Category Archives: Lenten Meditations

Patrick O’Neill – A Letter from the Hole

Patrick O’Neill, i happier times.

My friend Patrick O’Neill is serving a year in a federal prison, for attacking a replica of a nuclear missile at a south Georgia navy base in April of 2018. (A post with more about that protest is here.) It’s part of his peace witness as a member of the Catholic Worker movement.

Most of us don’t think about the missiles a lot. But there are enough just at that one Georgia base to kill pretty much everyone in the world, on fifteen minutes’ notice.

Yeah, the risk of nuclear Armageddon  did not disappear with the fall of Soviet communism.

Patrick and several others did think about the missiles, tho, and it led to Patrick reporting to the federal prison in Elkton, Ohio just about when Joe Biden was being inaugurated.

Doing time is tough. And nobody can do it for him. Patrick has a good deal of jail experience; and one lesson is that it doesn’t get much easier. There are a few ways to be supportive from outside. Mine is to send Patrick reading matter. Reading can dull some moments in the overwhelming tedium of confinement. So I have sent him a few of my books. (Hey — a captive audience; the best kind.)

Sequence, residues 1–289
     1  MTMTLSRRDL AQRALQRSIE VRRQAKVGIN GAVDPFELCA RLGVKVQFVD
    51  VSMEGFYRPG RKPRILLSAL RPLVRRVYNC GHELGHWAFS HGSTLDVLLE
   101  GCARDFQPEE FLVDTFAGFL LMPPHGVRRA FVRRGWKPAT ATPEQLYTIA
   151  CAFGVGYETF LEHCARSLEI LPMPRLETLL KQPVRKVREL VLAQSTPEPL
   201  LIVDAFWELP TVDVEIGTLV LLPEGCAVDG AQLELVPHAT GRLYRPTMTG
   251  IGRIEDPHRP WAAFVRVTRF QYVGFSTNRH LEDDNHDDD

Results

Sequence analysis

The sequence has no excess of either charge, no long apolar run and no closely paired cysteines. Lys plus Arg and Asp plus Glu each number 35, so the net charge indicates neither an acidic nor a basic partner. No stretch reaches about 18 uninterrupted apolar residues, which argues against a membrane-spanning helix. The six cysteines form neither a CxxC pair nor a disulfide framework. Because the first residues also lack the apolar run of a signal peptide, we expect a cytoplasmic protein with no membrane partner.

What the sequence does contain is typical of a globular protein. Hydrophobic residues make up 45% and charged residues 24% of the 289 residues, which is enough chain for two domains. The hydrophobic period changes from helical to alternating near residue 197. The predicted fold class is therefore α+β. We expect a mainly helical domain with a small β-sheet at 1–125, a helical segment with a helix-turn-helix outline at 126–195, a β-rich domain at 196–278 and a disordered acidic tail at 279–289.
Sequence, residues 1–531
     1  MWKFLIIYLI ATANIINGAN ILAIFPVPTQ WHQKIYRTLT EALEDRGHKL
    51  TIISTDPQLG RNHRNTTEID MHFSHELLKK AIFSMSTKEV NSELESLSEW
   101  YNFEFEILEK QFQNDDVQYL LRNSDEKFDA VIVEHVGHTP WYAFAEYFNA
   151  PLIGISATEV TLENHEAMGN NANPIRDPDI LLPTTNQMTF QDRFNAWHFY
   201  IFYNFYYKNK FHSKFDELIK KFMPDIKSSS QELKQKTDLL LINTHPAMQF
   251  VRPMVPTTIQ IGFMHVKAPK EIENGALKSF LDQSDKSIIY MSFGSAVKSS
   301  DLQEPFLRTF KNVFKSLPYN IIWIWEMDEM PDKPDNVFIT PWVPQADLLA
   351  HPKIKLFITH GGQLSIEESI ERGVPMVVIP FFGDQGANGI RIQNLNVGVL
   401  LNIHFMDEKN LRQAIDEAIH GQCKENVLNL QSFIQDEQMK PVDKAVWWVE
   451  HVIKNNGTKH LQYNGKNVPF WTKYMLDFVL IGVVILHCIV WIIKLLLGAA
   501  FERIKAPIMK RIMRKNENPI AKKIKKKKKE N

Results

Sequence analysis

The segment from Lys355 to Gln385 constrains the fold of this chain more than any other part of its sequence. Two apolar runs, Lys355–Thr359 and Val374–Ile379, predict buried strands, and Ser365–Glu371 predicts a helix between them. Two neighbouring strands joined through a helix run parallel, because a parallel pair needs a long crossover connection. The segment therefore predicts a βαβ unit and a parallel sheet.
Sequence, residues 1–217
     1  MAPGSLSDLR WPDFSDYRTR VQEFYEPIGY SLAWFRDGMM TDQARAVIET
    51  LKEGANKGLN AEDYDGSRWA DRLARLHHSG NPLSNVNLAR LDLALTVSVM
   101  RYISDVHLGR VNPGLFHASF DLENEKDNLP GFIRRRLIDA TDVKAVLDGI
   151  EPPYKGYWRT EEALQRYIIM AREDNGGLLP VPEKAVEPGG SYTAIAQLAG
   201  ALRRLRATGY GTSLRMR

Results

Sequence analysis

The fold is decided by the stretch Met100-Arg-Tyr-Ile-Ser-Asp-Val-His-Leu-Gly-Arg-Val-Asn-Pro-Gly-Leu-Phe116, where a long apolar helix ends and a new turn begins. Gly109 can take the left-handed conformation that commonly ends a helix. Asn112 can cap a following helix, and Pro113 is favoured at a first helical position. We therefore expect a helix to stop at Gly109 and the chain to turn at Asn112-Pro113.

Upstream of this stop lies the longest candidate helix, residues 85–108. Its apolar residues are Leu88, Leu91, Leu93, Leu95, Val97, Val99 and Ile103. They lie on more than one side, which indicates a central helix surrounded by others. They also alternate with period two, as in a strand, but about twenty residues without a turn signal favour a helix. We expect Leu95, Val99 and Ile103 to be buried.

Patrick’s solitary note.

It can help a little. Patrick said so, in a note that arrived this week:

‘Let all you do be done in love’— St. Paul

Good Friday [04/02/2021] Day 18 in the SHU (solitary)

Hi Chuck— My Lenten Journey will take me past Easter — I’ve done a lot of time (20+ jails, 6 prisons), but this has been the worst. Before the SHU [NOTE: SHU = Special Housing Unit] I spent 4 days in a hospital with 2 armed guards with me at all times who kept me in leg irons, and my left hand attached by chains to the bed, one chain attaching my leg irons to the bed . . . .
I had to pee in a plastic bottle while chained.